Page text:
I can feel them. The babies. They’re not crawling all over me. They’re not vomiting in my hair or shrieking. They’re doing perfectly normal baby things, and I’m keeping them alive. But I resent them. Their constancy, their intrusion on my relationship and my free time and my naps and my imagination and my heart. They’ve come too soon, and I can’t do any of what I had planned. All I can do is survive. -Lena Dunham
I’ve been reading blogs and books (ok, a book) on the dirty side of parenting: the exhaustion, the depression, the irritation, the desire to be able even to pee alone. With everything I read, I think, Right on, that’s where it’s at. It makes me happy to know that I’m not the only one who feels like life with a toddler is more similar to a war zone than to a Johnson & Johnson commercial. Every post lets me know that I’m not alone in this struggle, that I’m not the only one who jumps into bed during nap time instead of cleaning because my only chance of rest is when the kids are sleeping. Yet while the aim of these posts is to unite women and build solidarity, there is still a lingering sense of isolation.
The hardest thing, by far, about parenting alone has been the loneliness. My sister— whom I get to see once a week— is probably sick of hearing about it, and I say it to people as if they’ll take pity and say, ‘Lonely, you say? Be my friend! Let’s text and hang out and fall in love!’ But that hasn’t happened yet. These people probably take pity, just in a different way than I fantasize. At the end of my six or so hours off every Wednesday, I go back to the house where the two darlings are awaiting me, and I am no more connected to the outside world than when I left. It can be depressing to think about.
Unlike Lena Dunham, I didn’t follow the thought-trail to its end, to the point where I am currently. I realized that kids would maybe be a hindrance to my social life and that I might have to get up earlier than my body would prefer and that it’s possible I wouldn’t have as much time to read or do the other top-priority things in life. But, oh, how meaningful it will be! And how much the quality time with the children will make up for the lack of quality time with myself and others!
I was a little mistaken.
Kids are hard. Parenting them is hard. Not having anyone to share the load is hard. I have to think really hard to remember how meaningful this is supposed to feel, and even then, I struggle sometimes to feel it. Mostly, I stay on the fringes of survival mode— not fully there but just close enough to maintain a tiny ball of anxiety.
Yesterday, I read a blog post about decision fatigue and the fact that making so many minor, unimportant decisions hinders a person’s productivity— and makes that person tired. When I first became a single parent, I suffered from this. What to make for breakfast? For lunch? For dinner? What will we (each of the three of us) wear? How will I respond to this behavior? And this one? And this one? After reading the article, I realized that I have unconsciously cut out some of those minor decisions in the day over the past few months to make life just a tad easier on myself. Breakfast and lunch are always the same. My own routine could be written down from the moment I wake up to the minute I go to bed. I’ve always been a creature of habit, but this parenting gig has taken my obsession with routines to a religious level. And now I know why: to keep a tired mind from being even more tired.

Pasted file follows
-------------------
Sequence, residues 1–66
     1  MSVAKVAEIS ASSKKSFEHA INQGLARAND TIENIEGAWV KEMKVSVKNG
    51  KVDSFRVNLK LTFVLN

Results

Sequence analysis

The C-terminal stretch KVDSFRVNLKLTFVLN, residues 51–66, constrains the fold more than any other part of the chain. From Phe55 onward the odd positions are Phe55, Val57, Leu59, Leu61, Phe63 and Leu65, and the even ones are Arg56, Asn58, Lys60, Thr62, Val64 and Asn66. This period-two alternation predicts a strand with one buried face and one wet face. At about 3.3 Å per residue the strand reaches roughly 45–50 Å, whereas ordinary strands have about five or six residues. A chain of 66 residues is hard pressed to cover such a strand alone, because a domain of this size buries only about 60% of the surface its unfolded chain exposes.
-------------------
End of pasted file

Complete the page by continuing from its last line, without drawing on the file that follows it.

So I cope. I cope like I had to cope in Mongolia, a place that stressed me out and exhausted me and was my life for two years. But one of the best things that happened to me while I was there, the thing that kept me connected and grounded and not isolated in my struggles, was a relationship that lasted the whole of the second year, a relationship that went deep and, even though it ended, taught me that the greatest thing in the world was love, no matter how trite it is to say. And I don’t have that here.
Not to sound whiny or wistful. I recognize there are seasons in life, and for this season, it would be really difficult to be with someone. Still, Lena Dunham captured the essence of what I’m going through: these kids do perfectly normal kid things; I am keeping them alive. But instead of intruding on my relationship, they prevent one from even starting. If I ever choose to parent again after this (and this still has seven months to go, at least!), I want it to be after I’ve been with someone and gotten to know them and do some stuff with them.
I’m not a stranger to loneliness or simply to being alone. I just didn’t expect it to hit so hard when I became a parent. And as my first year comes to its end, this is what comes to mind.